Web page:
Ken Stringfellow says the music of his band The Posies — melodic and dreamy — went against the prevailing winds of the Seattle music scene of the late ’80s and early ’90s. That was a scene dominated by acts like Mother Love Bone, Pearl Jam and Soundgarden, artists who would go on to define the heavier grunge sound poised to take the world by storm.
Now, The Posies are preparing expanded CD and vinyl reissues of three of their almost-hit, cult classic albums, Dear 23, Frosting on the Beater and Amazing Disgrace. An accompanying world tour, featuring an early lineup of the bands, stops in Eugene, May 20, at WOW Hall. In truth, The Posies never stopped putting out records, with their latest, Solid States, coming out in 2016.
The reissues and tour aren’t so much a victory lap, Stringfellow says, but a “celebration of a long career that was earned with hard work. We are here because we love being here.” Early on, Stringfellow continues, “we were proud of our work but never secure in it. Now we’re very confident.”
It’s a tremendous honor, Stringfellow feels, to have these reissues come out on Omnivore Records, LA-based anthologizers of almost-forgotten classics, including works from other power pop artists like Alex Chilton and Steve Wynn. “They keep music alive,” he says. Omnivore knows “there’s a story around these albums.”
Founded in Bellingham, Washington, The Posies moved to Seattle because, as a teenager in Bellingham, Seattle was just “where you go. We were a little naïve,” Stringfellow recalls. Like a lot of Seattle bands, he says, The Posies were informed by punk and metal, but asked, “What if we could take the songwriting craft of the old days and blend it with punk?” This tapped The Posies into a rich vein of rock music called power pop.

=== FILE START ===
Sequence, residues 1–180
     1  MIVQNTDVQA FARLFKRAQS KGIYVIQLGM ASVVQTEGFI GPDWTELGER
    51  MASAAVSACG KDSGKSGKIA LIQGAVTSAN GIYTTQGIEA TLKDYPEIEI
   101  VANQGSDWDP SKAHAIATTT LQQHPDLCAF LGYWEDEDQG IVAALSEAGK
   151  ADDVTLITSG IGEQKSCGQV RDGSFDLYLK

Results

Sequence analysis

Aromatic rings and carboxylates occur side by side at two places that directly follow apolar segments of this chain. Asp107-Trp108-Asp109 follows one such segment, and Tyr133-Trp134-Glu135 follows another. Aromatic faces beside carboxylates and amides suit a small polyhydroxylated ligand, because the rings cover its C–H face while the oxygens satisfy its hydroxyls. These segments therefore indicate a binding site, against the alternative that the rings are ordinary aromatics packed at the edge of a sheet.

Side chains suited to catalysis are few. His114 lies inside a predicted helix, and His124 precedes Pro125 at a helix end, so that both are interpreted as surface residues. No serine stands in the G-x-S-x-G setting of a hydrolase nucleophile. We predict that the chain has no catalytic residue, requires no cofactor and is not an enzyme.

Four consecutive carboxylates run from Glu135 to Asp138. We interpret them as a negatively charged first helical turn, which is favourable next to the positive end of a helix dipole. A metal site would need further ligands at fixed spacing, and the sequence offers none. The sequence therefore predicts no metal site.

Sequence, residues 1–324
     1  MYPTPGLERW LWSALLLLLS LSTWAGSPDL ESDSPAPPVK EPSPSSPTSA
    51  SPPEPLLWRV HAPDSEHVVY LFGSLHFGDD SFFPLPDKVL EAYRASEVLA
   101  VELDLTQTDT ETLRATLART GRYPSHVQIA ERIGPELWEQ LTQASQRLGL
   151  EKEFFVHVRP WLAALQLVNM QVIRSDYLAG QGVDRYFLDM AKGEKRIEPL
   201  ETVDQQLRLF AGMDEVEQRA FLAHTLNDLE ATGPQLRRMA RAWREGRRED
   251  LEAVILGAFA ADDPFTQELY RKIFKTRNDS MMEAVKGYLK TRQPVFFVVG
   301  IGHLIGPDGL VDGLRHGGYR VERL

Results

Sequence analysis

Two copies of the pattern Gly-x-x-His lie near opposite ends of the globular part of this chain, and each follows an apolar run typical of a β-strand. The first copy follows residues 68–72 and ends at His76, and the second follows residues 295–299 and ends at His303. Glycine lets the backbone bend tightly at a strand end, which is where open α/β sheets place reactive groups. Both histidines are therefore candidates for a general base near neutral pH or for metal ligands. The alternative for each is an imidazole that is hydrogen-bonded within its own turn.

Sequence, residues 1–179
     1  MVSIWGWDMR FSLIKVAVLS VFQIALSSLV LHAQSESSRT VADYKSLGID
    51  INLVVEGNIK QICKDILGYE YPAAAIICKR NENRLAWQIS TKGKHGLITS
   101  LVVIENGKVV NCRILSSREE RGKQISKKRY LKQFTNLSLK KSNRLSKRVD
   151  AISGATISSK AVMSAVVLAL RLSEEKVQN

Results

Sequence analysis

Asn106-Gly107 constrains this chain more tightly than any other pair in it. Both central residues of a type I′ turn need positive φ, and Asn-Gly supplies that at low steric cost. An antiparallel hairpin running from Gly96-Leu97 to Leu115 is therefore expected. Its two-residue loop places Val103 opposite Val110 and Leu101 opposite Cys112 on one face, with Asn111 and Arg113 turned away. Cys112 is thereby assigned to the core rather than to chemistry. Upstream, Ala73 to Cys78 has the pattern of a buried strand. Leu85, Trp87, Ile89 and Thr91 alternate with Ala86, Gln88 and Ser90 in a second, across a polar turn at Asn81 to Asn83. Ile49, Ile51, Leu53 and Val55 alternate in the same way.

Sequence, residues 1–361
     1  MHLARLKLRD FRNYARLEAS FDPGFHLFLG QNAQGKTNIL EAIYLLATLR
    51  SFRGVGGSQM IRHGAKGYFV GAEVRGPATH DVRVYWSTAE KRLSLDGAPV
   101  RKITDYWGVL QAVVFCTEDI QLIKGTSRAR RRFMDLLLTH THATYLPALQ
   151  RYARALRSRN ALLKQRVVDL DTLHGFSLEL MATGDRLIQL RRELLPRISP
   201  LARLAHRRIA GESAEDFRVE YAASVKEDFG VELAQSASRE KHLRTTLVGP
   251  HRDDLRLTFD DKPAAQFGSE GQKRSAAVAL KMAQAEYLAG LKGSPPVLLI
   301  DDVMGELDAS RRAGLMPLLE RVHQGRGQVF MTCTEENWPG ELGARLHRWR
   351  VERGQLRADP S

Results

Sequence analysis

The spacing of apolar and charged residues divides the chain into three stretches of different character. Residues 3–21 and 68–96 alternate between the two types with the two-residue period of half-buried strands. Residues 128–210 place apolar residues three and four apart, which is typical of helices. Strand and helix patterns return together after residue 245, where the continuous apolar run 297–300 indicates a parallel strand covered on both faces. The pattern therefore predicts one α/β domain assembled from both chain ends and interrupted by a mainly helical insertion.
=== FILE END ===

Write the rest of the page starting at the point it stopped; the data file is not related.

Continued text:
Power pop is commonly defined by high-energy rock with major scales and two-part harmony. “That could be The Beatles,” Stringfellow says. “But the greatest power pop band of all time is The Ramones.” One of The Posies’ best known tunes, “Dream All Day,” off 1993’s Frosting on the Beater, is a sweetly punchy rock ’n’ roll ode to the art of daydreaming, featuring Stringfellow’s classic tenor, tight harmonies and power chords, turned up to a grunge-worthy volume, over battering percussion.
Stringfellow’s first real concert was, amazingly, The Clash opening for The Who. “That kind of wild abandon was very appealing to me,” Stringfellow recalls, and playing punk music made Stringfellow realize “that kind of energy was available to everyone.”
Despite not quite fitting into the Seattle sound of their era, Stringfellow feels Northwest music has come around to what The Posies were trying to do. “Bookish, melodic, dreamy” Stringfellow says, mentioning bands like Band of Horses and Death Cab For Cutie. “What didn’t make sense then has become the prevailing winds of Northwest music.”